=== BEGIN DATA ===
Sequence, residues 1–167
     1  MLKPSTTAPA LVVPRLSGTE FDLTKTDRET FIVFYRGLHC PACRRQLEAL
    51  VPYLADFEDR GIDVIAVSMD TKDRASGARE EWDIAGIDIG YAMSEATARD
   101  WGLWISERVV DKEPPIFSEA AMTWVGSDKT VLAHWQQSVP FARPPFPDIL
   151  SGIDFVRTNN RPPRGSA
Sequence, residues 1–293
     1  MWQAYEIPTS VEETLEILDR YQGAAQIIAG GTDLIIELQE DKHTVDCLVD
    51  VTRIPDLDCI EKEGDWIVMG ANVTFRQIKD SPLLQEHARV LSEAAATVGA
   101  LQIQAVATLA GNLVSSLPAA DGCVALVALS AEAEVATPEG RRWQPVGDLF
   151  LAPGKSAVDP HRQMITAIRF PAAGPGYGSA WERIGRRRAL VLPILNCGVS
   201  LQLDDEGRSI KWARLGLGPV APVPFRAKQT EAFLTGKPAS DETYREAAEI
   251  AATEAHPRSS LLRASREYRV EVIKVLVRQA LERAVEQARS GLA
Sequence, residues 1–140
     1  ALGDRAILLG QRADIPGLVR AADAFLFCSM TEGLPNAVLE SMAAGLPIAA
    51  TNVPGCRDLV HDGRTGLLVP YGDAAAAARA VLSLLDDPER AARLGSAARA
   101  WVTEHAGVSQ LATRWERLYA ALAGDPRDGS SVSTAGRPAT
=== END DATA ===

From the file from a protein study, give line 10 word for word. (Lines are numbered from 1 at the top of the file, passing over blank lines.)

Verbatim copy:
   151  LAPGKSAVDP HRQMITAIRF PAAGPGYGSA WERIGRRRAL VLPILNCGVS